Two judges have issued clashing orders involving the occupancy of a motor vehicle yard.
The yard was first rented to Al Riaz International Ltd in 2003, years before the landlord, Ganjoni Properties Ltd, increased the rent from Sh360, 000 to Sh600,000 in 2015 on expiry of the lease.
Al Riaz immediately contested the increased rates and sought court orders barring the landlord from evicting them. Justice PJ Otieno granted the orders.
Three years later, in January 2018, the landlord evicted Al Riaz citing non-payment of rent.
Fuji Motors Ltd then hired the property on January 17. In the same month, Al Riaz went to back to court seeking to return to the property.
Fuji Motors went to court seeking orders to stay on.
The result was two different court orders for the same property.
On January 31, 2018, Justice Charles Yano of the Environment and Lands Court issued orders stopping the eviction of Fuji Motors.
But on February 9, Justice Otieno ordered the reinstatement of Al Riaz on the premises.
Yesterday, the two judges once again issued clashing orders as Justice Yano extended his orders stopping any interference with Fuji Motors.
On the same day, Otieno summoned the Central Police OCS, seeking an explanation for why Al Riaz had not been reinstated.
Meanwhile, both judges stuck to their orders.
“I extend the interim orders issued on January 31, 2018. I cannot order a status quo since there has been interference in my earlier orders,” said Yano.
Meanwhile Ganjoni Properties has filed an appeal contesting Otieno’s order barring them from evicting Al Riaz from the premises.
The landlord claimed that Al Riaz, who has been his tenant for more than 15 years, had refused to pay Sh13 million in three years' accrued rent.
Ganjoni Properties lawyer Damaris Muyaa said Otieno’s orders did not stop Al Riaz from paying or the landlord from recovering rent, and that the orders issued were in respect to the yard, not the showroom where Fuji Motors parked their vehicles.
The court heard that Ganjoni Properties sent auctioneers to evict Al Riaz and confiscated more than 48 vehicles valued at more than Sh100 million and sold them off.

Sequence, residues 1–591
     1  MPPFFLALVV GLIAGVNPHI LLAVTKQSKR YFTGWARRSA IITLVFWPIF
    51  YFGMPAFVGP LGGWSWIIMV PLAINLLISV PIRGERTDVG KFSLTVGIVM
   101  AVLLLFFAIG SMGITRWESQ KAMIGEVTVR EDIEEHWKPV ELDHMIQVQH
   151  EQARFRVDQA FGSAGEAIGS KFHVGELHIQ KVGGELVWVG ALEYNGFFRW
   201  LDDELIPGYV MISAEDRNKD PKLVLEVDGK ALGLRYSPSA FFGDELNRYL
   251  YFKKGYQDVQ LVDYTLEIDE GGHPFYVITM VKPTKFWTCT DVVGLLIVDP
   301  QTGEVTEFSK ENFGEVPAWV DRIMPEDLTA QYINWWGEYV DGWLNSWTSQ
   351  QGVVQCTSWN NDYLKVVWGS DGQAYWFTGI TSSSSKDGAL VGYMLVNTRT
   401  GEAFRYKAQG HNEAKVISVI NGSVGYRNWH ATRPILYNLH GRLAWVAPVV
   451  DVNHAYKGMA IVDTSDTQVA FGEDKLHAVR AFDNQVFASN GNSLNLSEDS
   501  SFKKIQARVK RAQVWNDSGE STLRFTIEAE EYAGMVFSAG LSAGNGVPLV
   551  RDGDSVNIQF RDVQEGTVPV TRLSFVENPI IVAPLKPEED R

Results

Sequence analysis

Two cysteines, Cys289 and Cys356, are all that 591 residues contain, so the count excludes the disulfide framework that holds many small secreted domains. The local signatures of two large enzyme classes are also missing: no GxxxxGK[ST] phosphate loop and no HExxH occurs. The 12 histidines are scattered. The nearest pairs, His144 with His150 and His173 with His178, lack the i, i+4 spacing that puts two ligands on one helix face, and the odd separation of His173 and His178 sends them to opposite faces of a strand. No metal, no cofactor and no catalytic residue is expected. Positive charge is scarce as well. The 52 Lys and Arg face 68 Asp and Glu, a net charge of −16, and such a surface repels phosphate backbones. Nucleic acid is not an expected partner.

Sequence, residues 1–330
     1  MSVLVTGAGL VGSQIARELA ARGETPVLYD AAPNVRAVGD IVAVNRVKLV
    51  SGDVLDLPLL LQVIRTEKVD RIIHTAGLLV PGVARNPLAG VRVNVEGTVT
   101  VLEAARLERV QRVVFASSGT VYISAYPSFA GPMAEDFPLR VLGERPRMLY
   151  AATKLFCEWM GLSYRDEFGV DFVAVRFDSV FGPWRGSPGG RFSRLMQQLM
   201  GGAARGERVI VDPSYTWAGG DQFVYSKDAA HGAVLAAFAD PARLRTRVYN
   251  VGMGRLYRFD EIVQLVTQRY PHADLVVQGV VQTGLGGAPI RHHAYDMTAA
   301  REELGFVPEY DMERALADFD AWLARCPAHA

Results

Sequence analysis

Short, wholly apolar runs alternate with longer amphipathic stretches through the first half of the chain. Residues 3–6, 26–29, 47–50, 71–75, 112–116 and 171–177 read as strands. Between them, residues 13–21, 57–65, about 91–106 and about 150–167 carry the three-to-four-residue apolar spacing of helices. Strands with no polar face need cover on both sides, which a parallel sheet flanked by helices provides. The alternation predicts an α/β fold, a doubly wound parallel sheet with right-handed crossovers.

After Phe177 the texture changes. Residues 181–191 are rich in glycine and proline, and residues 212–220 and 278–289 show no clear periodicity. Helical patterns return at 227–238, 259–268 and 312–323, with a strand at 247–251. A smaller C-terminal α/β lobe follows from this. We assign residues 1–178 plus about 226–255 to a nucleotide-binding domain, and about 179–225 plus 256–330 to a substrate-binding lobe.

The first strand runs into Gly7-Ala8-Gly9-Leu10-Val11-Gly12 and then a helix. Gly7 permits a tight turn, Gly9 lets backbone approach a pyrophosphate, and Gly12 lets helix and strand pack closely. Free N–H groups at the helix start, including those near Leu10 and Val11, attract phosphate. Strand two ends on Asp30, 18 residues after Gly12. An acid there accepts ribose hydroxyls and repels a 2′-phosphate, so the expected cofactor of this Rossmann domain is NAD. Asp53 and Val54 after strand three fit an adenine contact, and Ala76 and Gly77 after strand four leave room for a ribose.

Al Riaz told the court they had already paid Sh8 million owed to Ganjoni Properties, and that the value of vehicles auctioned during the eviction was way above the debt owed to the landlord.
Al Riaz's lawyers DM Ngonze and Michael Oloo told Yano that the conflicting court orders arose because Ganjoni Properties had failed to disclose Otieno’s orders to Al Riaz.
“Had the case before Justice Otieno been disclosed before you, for ex-parte orders, you would have arrived at a different decision considering the matter was before another competent jurisdiction,” said Mr Oloo.
Mr Ngonze said Ganjoni Properties had an occupancy lease prepared for Fuji Motors when they knew of the existing orders from Justice Otieno.
“The orders ought to be discharged and Fuji Motors and Ganjoni Properties investigated and punished for misleading this court,” said the lawyer.
Fuji Motors' lawyer Willis Oluga argued that his clients should be allowed to run their business from the premises because they had paid rent and were not part of the dispute between the landlord and Al Riaz.
“When my clients took over the premises on January 18, 2018, the showroom was vacant. It is in the interests of justice that they are allowed to use the premises” said Mr Oluga.
He said any orders by Justice Otieno could not be binding to his client because the firm was not party to the civil suit between Ganjoni Properties and Al Riaz.
He said his client would suffer irreparable damage because he had hundreds of motor vehicles on the premises and had no alternative equivalent if he was evicted.
“He will lose his customers,” said Oluga.